St. Augustine also understood St. Paul’s word “mysterion” to mean Sacramentum or “oath” which Jesus Christ swore for and on behalf of His bride. As Adam had failed to protect his bride (Eve) and therefore not loving her into eternal life, so Jesus’ Sacramentum (oath) for an on behalf of His bride was that He would remain faithful to her until the end of time. (Mt: 28:20). Fidelity to the Sacramentum (oath) ensured a re imaging of the bride into a reflection of the groom. “The Sacramentum of marriage was therefore not only a sacred sign of a divine reality but it was also a sacred bond between a husband and wife.” [4] The covenant, Sacramentum, because of its divine origin, could not be rendered empty or barren. The covenant Sacramentum was until death and could not be dissolved, because it took on the character of family bond (chain, fetter) and therefore unbreakable. Just as Jesus’ fidelity toward His bride is until death or until the “end of time” so too is the bond between a covenanted married couple, (male/female) unto “the end of time” (Mt. 28:20) and “Until death us do part” (marriage oath).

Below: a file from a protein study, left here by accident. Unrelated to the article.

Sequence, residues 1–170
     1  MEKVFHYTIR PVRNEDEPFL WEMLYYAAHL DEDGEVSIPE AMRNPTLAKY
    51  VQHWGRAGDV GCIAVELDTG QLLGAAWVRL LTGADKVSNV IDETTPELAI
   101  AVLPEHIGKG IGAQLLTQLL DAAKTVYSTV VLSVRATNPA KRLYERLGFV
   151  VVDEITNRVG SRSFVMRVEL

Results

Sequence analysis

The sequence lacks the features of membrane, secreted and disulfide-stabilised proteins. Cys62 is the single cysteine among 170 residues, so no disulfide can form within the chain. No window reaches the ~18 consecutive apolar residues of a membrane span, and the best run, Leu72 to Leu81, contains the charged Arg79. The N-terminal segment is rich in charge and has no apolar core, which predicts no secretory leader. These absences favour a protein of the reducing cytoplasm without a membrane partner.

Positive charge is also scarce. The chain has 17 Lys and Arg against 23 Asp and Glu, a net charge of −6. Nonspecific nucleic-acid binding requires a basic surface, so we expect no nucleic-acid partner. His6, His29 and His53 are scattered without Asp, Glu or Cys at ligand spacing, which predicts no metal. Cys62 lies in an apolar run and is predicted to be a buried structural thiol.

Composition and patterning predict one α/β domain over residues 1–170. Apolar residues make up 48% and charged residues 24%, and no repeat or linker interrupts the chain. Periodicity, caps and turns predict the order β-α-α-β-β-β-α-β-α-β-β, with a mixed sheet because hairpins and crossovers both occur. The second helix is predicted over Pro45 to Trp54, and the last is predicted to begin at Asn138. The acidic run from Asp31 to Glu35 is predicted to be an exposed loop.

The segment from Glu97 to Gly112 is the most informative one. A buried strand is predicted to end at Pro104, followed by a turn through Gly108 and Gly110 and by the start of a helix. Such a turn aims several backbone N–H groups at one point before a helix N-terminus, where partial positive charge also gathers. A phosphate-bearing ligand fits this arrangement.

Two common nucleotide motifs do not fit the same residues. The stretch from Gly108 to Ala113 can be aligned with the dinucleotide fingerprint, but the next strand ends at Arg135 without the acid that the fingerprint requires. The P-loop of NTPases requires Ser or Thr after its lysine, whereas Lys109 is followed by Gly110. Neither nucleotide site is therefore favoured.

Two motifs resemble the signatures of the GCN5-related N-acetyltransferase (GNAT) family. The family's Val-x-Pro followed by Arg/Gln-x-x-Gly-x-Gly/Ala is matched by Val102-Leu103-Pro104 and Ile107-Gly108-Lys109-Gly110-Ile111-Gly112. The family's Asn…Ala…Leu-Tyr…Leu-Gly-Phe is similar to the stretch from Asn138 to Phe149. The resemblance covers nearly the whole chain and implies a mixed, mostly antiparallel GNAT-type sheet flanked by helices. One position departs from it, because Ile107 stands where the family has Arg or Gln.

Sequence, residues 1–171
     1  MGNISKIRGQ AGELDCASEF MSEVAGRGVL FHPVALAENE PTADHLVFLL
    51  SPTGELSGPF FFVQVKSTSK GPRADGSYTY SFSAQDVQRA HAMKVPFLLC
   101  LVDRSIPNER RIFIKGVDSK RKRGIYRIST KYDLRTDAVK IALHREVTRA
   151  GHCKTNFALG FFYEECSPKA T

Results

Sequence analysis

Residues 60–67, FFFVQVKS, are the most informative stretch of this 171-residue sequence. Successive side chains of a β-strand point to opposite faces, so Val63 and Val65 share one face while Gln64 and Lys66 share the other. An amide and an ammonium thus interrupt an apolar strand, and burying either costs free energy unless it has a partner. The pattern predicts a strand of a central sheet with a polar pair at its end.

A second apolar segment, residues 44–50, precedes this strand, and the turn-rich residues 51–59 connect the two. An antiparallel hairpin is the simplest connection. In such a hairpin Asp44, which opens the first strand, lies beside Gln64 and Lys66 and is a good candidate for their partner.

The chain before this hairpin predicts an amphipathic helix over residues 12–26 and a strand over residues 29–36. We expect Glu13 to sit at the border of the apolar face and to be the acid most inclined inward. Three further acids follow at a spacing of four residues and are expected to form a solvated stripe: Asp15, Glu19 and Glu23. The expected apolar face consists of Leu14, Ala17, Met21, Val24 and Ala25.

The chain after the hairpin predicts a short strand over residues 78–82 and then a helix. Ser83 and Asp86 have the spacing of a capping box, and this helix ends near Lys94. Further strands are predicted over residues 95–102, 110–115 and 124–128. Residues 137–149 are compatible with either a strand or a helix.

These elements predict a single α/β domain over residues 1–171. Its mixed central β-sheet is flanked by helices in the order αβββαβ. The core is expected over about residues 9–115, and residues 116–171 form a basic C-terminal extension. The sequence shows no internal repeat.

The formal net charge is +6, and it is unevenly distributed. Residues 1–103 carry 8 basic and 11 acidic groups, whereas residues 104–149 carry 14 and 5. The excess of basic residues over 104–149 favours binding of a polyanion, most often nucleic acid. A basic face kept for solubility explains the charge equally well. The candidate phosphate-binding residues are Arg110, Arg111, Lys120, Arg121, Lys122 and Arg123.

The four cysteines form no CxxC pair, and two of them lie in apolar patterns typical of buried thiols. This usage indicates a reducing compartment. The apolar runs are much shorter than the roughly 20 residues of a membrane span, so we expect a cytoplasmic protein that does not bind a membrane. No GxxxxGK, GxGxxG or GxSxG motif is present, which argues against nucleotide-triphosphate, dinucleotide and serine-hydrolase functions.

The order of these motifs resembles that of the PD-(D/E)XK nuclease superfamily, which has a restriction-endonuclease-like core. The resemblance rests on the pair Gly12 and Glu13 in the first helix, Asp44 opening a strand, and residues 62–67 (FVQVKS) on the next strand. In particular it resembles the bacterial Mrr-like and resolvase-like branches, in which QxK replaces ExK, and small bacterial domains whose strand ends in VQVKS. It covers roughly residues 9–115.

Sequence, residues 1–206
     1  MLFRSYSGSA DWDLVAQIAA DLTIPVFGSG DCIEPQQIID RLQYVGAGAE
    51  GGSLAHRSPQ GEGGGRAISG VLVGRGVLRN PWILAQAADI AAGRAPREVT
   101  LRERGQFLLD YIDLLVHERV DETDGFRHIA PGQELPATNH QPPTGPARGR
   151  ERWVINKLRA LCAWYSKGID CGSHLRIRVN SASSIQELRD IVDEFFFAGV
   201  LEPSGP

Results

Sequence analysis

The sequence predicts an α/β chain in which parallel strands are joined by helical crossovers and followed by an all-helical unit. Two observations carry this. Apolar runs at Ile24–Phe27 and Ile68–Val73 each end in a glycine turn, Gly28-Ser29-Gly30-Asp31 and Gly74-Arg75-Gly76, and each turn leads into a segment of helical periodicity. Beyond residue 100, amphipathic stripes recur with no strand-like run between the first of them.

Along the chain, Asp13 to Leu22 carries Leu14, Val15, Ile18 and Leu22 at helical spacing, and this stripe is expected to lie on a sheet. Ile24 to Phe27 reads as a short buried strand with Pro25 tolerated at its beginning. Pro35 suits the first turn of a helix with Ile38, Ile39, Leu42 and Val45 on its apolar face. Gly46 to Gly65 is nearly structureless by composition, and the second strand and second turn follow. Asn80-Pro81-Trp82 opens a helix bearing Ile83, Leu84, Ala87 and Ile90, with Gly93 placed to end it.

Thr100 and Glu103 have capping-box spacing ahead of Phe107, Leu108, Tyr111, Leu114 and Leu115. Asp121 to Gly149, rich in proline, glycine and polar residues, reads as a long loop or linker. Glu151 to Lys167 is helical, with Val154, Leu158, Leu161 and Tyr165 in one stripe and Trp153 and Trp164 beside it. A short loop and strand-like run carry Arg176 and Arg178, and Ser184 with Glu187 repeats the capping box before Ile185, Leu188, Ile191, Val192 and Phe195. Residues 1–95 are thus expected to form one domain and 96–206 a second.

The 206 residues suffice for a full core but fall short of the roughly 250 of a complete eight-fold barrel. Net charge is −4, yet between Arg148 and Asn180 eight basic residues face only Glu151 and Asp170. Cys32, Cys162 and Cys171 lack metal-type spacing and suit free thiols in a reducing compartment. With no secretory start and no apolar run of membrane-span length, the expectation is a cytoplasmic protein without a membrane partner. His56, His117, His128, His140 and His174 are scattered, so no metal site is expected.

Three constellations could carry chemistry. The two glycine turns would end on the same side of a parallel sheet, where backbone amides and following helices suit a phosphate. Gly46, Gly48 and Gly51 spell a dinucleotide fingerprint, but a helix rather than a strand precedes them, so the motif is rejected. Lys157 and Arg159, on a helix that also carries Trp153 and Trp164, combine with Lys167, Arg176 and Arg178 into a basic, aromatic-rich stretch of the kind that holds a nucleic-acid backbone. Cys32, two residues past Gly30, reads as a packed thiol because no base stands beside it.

Marriage was not always understood as a sacrament imbued with sacred properties, but it has been clearly understood from the beginning that marriage, was in the desires and designs of God. From the very beginning, marriage, relationship, and procreation was not cursed (Gn1-3) These were blessed and remained blessed.[5] God blessed marriage, with a special blessing which makes clear its goodness “as proof of His blessing, receive from God, children who crowd about the family table.”[6] Herein lies the difficulty with the newly sought-after redefinitions of marriage (same gender marriages) they cannot receive blessing from God because children cannot legitimately be awaited as a fruit of that blessing. Children cannot crowd around the table because the relationship by the nature of the couple is inherently barren, illicit and fruitless. Redefinitions cannot be blessed irrespective of how much or how many or how devoted are the desires or even the intentions of those calling for them.